PubMed | 1 HaemoScan BV
Type: Journal Article | Journal: The International journal of artificial organs | Year: 2014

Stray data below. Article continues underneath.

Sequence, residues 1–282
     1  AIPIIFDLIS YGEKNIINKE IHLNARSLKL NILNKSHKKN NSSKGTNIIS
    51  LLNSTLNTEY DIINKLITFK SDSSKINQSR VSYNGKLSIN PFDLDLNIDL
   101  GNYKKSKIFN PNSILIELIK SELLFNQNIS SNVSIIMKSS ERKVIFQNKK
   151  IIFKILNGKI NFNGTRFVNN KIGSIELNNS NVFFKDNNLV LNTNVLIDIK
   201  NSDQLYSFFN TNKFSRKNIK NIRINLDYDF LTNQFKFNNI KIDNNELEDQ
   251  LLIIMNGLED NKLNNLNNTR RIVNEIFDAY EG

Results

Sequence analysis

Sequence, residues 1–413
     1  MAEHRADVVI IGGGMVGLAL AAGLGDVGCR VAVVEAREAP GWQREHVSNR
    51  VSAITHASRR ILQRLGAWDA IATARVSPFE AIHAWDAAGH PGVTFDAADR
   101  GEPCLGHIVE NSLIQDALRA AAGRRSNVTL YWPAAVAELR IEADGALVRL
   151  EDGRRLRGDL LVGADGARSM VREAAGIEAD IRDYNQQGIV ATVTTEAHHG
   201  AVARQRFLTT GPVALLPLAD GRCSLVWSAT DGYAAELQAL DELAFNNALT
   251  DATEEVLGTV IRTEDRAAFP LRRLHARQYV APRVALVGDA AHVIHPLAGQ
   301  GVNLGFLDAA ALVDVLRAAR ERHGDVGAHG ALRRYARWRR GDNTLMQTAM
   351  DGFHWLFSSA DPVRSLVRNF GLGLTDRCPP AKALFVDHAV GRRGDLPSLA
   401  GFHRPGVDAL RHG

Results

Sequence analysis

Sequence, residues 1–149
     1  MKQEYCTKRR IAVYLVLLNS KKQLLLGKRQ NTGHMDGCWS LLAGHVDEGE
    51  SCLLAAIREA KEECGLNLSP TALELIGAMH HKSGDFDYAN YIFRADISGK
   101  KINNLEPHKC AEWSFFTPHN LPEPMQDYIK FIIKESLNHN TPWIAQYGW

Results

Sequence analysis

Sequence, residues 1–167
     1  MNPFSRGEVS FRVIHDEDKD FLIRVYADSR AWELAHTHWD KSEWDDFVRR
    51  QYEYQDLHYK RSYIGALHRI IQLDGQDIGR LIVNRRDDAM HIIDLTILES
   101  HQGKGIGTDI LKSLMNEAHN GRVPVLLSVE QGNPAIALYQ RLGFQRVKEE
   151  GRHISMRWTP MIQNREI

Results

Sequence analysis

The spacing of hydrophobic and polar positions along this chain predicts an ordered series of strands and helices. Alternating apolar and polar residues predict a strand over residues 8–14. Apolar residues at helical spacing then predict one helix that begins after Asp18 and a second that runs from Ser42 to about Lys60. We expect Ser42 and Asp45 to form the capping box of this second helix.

Cardiopulmonary bypass is still a major cause of lung injury and delay in pulmonary recovery after cardiac surgery. Although it has been shown that pulsatile flow induced by intra-aortic balloon pumping is beneficial for preserving lung function, it is not clear if the same beneficial effect can be accomplished with pulsatile flow generated in the extracorporeal circuit. Therefore, we investigated the effect of pulsatile flow, produced by a centrifugal pump, on lung function in elderly patients.Serial measurements of lung biomarkers Clara cell 16 kD protein, surfactant protein D, and elastase were performed on blood samples from 37 elderly patients (75 years) who underwent elective aortic valve replacement surgery with CPB, either with pulsatile perfusion or continuous perfusion. Pulmonary function was assessed by postoperative ventilation time, the arterial blood oxygenation (PaO2/FiO2), the alveolar-arterial oxygen gradient (Aa-O2 gradient) and the pulmonary vascular resistance indexed by body surface area (PVRi).There was no difference in lung function between both groups, as assessed by the postoperative ventilation time, the PaO2/FiO2 ratio, and the Aa-O2 gradient. The PVRi, however, was significantly lower in the pulsatile perfusion group 15 mins after the administration of protamine (p<0.05). The plasma concentrations of the lung biomarkers increased during surgery and peaked at 1 h ICU, there were however no differences between groups.Pulsatile flow does not seem beneficial to postoperative lung function in elderly patients. Moreover, pulsatile flow does not affect lung function on a subclinical level as assessed by lung biomarkers.